R/V Kilo Moana
- Lat: 16 52.502 N
- Lon: 168.38.709 W
- Speed: 0 Kts
- Heading: Holding Station
- Sal: 34.450 PSU
- SST: 26.17 °C
- Pres: 1012 mbar
- Air Temp: 24 °C
Weather and Sea State Observations
A incredibly nice day. Swell height perhaps 3-4 meters. Cloud cover is 25%
I guess one could say I’ve developed a routine now. It isn’t as difficult to wake up at the strange hours now and I don’t feel like I’m sleep deprived. A few rounds of CTD casts were completed on my watch and the VMP was recovered. The VMP is so much easier to recover at night, largely due to a flashing strobe on the top of it. With no other ships around if you are looking out at the darkness and see something flashing, it’s the VMP.
Afterward, I had breakfast, today could best be described as a nutty day. Breakfast was whole wheat pecan pancakes that my mom would have been proud of. And, as usual, I went to bed after breakfast.
And after sleep I assisted with a broken winch for a bit. This was the big event today, a broken winch. Lucky for us, the CTD was on deck when the winch decided to break. After about 4 hours of engineers running around with manuals larger than most dictionaries, we were up and running again.
Lunch today was a “chili cook off.” I’m not sure if there was a competition, but I preferred the beef chili due to its right amount of spice. After lunch I did some studying. My afternoon watch stared with the CTD already in the water on its way up. The pinger we use to track the package was malfunctioning so we had to bring it on deck for a quick replacement.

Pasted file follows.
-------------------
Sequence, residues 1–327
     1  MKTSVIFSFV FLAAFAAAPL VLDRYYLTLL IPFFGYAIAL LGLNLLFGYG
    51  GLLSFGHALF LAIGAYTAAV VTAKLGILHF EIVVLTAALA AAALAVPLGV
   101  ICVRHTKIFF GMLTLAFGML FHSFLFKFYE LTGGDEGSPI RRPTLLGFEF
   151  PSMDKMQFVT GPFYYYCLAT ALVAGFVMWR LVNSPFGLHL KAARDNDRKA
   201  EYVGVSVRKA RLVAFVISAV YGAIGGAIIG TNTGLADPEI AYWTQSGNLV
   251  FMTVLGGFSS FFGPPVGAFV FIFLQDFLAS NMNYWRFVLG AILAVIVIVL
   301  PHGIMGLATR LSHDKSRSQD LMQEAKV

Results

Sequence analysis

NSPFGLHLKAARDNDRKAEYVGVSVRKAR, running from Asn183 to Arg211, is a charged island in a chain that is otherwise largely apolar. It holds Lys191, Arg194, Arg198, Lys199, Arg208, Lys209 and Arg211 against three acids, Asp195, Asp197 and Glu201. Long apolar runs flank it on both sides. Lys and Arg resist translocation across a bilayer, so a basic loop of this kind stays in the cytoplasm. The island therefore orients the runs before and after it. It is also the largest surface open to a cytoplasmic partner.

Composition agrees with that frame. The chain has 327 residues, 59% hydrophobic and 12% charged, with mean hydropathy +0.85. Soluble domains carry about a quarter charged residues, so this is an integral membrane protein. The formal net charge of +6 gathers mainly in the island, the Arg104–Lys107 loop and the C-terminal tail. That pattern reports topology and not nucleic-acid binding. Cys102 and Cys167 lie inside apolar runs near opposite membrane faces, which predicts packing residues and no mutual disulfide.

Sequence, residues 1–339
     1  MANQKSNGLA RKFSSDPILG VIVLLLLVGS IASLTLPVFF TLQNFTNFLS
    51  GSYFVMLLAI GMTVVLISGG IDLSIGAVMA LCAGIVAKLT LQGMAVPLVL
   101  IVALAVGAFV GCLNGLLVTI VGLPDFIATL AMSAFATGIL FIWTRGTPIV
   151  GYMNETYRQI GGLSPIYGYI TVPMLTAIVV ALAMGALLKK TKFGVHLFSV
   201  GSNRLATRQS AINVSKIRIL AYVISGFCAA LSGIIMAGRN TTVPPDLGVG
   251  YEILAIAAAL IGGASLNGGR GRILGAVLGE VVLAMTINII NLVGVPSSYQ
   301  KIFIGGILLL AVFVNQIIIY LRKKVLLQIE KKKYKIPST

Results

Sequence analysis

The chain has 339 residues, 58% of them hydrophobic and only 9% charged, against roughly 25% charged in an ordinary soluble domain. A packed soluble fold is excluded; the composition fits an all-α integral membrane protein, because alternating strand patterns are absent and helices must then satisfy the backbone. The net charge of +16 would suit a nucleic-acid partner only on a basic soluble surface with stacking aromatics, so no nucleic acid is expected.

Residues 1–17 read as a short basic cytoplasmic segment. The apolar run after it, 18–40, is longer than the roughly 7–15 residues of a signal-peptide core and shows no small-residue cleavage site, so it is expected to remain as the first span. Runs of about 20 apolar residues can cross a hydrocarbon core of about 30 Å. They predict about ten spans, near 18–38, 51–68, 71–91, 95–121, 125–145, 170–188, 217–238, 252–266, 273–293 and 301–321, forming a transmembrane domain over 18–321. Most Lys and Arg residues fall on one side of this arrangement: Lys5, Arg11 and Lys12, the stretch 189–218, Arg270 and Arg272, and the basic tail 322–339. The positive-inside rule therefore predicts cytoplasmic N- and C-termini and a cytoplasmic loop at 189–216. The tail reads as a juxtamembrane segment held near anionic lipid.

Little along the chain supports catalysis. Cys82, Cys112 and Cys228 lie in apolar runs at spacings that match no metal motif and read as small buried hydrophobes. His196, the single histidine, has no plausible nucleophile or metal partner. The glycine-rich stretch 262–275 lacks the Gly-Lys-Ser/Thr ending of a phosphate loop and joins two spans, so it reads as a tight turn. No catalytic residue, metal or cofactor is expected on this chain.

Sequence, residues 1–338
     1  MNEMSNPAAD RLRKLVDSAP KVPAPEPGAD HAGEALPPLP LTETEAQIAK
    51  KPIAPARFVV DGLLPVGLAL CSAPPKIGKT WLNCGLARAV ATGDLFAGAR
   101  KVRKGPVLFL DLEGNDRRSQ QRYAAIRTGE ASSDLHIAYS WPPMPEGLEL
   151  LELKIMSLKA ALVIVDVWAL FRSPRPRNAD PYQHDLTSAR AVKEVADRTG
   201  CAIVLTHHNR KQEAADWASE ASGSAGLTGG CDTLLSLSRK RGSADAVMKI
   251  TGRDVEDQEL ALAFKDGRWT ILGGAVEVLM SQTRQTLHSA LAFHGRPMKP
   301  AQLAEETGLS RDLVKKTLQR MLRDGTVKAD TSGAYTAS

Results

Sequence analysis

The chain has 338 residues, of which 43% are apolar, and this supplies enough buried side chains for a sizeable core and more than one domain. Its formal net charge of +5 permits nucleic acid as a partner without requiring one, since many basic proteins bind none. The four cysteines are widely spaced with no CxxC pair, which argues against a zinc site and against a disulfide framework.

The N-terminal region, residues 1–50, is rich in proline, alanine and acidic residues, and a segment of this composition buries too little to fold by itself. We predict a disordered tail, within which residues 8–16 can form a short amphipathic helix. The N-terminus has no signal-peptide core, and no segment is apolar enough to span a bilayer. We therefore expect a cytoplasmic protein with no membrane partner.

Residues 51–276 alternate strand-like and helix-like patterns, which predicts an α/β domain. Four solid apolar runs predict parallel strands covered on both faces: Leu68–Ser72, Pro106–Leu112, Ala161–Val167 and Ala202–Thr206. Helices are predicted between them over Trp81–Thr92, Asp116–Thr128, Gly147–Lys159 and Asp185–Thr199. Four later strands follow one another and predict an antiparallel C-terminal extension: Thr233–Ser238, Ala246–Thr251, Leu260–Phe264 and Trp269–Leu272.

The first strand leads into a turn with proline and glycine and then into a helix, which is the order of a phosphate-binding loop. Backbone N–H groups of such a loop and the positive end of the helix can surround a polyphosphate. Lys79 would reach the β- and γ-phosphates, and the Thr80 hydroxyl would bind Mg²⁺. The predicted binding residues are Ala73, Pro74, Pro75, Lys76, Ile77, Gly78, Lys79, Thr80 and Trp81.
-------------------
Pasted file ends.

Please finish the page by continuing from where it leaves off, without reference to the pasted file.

Thinking about it, today was also a day of things breaking. The CTD winch broke, the CTD pinger broke, the weight release on the VMP broke, I’m told something might have broken on the moorings. We have several ideas as to what the cause might be. Aliens, the winch was making some funny noises this morning and abduction was feared. An “Andrew singularity,” during the VMP recovery all three people on board named Andrew were in the same place for the first time, causing massive gravitational disturbances throughout the ship. Government mind control, a lining of tin foil was noticed around one of the labs.
Due to other activities that pulled my watchmate away from CTD duties, I was left in charge of the CTD for about an hour. This involves coordinating a few people and making sure the CTD doesn’t hit the bottom. I’ve never made these decisions by myself so it was interesting to be responsible for a bit. In hindsight, I was rather comfortable with running the operation, I guess this is good news for the future.
Tomorrow the first of the moorings is going back in the water at some early morning crazy hour and the swell is predicted to get larger. The good news about the swell is, it is long period so there is a nice rocking motion.